I am happy to share the news that the paper describing out software tool Mumame is now out in its final form! (1) The paper got published today in the journal Metabarcoding and Metagenomics after being available as a preprint (2) since last autumn. This version has not changed a whole lot since the preprint, but it is more polished and better argued (thanks to a great review process). The software is virtually the same, but is not also available via Conda.
In the paper, we describe the Mumame software, which can be used to distinguish between wildtype and mutated sequences in shotgun metagenomic sequencing data and quantify their relative abundances. We further demonstrate the utility of the tool by quantifying antibiotic resistance mutations in several publicly available metagenomic data sets (3-6), and find that the tool is useful but that sequencing depth is a key factor to detect rare mutations. Therefore, much larger numbers of sequences may be required for reliable detection of mutations than is needed for most other applications of shotgun metagenomics. Since the preprint was published, Mumame has also found use in our recently published paper on selection for antibiotic resistance in a Croatian macrolide production wastewater treatment plant, unfortunately with inconclusive results (7). Mumame is freely available here.
I again want to stress the fantastic work that Shruthi Magesh did last year as a summer student at WID in the evaluation of this tool. As I have pointed out earlier, I did write the code for the software (with a lot of input from Viktor Jonsson), but Shruthi did the software testing and evaluations. Thanks and congratulations Shruthi, and good luck in pursuing your PhD program!
- Magesh S, Jonsson V, Bengtsson-Palme J: Mumame: A software tool for quantifying gene-specific point-mutations in shotgun metagenomic data. Metabarcoding and Metagenomics, 3: 59–67 (2019). doi: 10.3897/mbmg.3.36236
- Magesh S, Jonsson V, Bengtsson-Palme J: Quantifying point-mutations in metagenomic data. bioRxiv, 438572 (2018). doi: 10.1101/438572
- Bengtsson-Palme J, Boulund F, Fick J, Kristiansson E, Larsson DGJ: Shotgun metagenomics reveals a wide array of antibiotic resistance genes and mobile elements in a polluted lake in India. Frontiers in Microbiology, 5, 648 (2014). doi: 10.3389/fmicb.2014.00648
- Lundström S, Östman M, Bengtsson-Palme J, Rutgersson C, Thoudal M, Sircar T, Blanck H, Eriksson KM, Tysklind M, Flach C-F, Larsson DGJ: Minimal selective concentrations of tetracycline in complex aquatic bacterial biofilms. Science of the Total Environment, 553, 587–595 (2016). doi: 10.1016/j.scitotenv.2016.02.103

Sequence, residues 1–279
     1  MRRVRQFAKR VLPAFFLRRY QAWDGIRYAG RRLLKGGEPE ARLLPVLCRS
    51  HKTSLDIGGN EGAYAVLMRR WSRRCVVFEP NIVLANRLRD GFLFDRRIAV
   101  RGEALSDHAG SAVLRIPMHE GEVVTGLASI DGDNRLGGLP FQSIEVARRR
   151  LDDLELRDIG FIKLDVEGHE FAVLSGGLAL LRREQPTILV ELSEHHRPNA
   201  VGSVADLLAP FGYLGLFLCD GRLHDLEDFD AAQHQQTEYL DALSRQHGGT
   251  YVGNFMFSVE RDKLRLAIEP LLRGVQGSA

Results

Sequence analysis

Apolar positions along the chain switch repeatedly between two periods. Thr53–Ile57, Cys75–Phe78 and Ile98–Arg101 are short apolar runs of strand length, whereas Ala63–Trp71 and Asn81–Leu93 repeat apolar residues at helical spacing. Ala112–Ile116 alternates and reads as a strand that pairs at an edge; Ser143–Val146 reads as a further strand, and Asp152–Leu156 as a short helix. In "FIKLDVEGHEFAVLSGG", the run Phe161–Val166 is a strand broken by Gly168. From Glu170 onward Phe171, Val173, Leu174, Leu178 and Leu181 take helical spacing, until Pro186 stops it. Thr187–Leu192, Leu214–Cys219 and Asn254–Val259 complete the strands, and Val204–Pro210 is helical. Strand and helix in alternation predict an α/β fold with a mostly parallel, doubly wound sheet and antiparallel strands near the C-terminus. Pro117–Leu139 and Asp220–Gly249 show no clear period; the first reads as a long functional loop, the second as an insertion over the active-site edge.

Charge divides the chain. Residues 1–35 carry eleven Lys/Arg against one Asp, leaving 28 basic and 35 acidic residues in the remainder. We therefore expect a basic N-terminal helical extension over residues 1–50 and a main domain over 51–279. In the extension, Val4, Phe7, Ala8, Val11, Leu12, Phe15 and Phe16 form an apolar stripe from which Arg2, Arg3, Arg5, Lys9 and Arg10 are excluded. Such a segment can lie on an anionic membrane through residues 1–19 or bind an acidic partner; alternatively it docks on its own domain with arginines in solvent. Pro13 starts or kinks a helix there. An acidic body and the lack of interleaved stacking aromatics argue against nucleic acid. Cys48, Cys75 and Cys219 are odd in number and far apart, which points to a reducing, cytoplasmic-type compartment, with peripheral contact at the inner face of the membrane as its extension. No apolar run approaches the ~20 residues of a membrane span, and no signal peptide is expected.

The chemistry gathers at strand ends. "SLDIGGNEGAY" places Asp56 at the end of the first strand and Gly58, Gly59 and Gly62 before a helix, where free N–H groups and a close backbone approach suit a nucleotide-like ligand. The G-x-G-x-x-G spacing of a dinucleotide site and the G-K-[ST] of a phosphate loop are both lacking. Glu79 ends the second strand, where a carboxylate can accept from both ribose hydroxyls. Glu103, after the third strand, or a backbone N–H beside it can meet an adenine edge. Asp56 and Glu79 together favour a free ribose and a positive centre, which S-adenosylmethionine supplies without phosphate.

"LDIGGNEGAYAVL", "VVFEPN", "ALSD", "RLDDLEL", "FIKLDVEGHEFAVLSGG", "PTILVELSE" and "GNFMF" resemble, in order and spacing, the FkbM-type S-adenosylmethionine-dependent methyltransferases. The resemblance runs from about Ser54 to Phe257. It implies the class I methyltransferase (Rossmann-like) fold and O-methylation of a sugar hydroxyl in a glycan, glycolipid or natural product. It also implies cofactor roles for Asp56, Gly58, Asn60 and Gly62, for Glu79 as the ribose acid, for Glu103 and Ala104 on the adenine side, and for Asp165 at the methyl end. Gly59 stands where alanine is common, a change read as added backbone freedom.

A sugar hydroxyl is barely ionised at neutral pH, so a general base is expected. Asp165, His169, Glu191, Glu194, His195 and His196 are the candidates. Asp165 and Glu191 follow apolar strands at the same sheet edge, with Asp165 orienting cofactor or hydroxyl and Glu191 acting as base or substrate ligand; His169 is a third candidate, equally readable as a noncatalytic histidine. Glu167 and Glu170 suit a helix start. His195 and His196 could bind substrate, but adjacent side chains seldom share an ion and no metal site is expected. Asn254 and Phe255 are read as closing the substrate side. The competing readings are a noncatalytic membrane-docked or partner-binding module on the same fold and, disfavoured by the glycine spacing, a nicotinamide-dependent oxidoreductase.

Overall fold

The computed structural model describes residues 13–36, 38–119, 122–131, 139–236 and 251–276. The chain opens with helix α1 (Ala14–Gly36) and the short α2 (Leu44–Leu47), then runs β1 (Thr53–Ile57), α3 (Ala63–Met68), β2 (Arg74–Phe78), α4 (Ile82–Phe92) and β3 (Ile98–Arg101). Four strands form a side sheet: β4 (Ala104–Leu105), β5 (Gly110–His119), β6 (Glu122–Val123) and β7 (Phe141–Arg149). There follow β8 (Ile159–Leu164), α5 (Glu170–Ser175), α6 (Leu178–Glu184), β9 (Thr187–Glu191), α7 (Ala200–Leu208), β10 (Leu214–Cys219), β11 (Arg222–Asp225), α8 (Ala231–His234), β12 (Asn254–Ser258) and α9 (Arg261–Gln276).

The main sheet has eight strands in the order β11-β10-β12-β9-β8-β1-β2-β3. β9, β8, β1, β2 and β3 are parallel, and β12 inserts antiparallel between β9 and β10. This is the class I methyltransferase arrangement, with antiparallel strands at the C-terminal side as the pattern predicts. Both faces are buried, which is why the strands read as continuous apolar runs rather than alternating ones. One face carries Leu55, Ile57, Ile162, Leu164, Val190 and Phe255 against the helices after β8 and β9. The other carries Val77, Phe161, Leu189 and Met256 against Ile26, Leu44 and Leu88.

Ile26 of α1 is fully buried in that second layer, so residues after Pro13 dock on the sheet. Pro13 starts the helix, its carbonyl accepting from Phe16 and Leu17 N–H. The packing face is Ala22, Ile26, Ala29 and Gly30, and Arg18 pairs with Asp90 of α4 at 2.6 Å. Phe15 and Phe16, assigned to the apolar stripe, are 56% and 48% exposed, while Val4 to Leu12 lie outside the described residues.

- Pal C, Bengtsson-Palme J, Kristiansson E, Larsson DGJ: The structure and diversity of human, animal and environmental resistomes. Microbiome, 4, 54 (2016). doi: 10.1186/s40168-016-0199-5
- Kraupner N, Ebmeyer S, Bengtsson-Palme J, Fick J, Kristiansson E, Flach C-F, Larsson DGJ: Selective concentration for ciprofloxacin in Escherichia coli grown in complex aquatic bacterial biofilms. Environment International, 116, 255–268 (2018). doi: 10.1016/j.envint.2018.04.029
- Bengtsson-Palme J, Milakovic M, Švecová H, Ganjto M, Jonsson V, Grabic R, Udiković Kolić N: Pharmaceutical wastewater treatment plant enriches resistance genes and alter the structure of microbial communities. Water Research, 162, 437-445 (2019). doi: 10.1016/j.watres.2019.06.073
This week marked the departure of our summer internship student Alice Zublena, who is now heading back to France to finish her masters program. Alice has been working on establishing effect concentrations for beta-lactam antibiotics for different bacteria, and has generated a very exciting and useful data set for our work in the coming years. I am tremendously happy that I have got to work with Alice this summer and very thankful for having the opportunity to supervise such a talented student. Thanks for your great work this summer Alice and good luck with everything you pursue in the future!
I am about to start my summer vacation, which means that there will be not much (if any) work done and that I will only check e-mails sporadically, so don’t expect any snappy responses. If you have a really really important issue to bring up, that cannot wait until I am back in mid-August, please state so in the e-mail subject line and indicate why the cannot wait. (Or simply call me if you have my number…) Have a great summer!